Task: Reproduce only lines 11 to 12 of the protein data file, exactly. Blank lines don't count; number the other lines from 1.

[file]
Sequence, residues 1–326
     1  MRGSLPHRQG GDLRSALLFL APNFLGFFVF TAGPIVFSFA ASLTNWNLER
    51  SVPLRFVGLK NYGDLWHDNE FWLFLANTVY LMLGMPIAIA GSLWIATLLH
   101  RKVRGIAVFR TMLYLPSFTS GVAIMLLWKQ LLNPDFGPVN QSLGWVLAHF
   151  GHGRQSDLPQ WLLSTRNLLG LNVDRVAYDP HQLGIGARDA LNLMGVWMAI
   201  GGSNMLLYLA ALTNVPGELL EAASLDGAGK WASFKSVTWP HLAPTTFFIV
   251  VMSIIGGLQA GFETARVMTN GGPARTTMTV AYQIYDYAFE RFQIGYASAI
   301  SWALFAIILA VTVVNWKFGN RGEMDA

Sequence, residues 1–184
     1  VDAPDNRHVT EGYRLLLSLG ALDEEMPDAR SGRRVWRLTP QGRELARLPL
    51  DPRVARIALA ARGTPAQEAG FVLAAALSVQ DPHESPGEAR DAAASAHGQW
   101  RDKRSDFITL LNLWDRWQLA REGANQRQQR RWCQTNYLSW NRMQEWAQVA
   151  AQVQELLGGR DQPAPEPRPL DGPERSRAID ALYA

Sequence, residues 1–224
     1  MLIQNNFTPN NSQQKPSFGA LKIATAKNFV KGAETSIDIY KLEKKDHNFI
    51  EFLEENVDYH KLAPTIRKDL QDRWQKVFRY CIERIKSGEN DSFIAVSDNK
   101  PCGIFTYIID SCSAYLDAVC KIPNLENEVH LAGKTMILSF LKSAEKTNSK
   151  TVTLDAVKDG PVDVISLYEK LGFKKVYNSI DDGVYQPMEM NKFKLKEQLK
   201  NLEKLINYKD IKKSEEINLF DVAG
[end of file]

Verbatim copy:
    51  DPRVARIALA ARGTPAQEAG FVLAAALSVQ DPHESPGEAR DAAASAHGQW
   101  RDKRSDFITL LNLWDRWQLA REGANQRQQR RWCQTNYLSW NRMQEWAQVA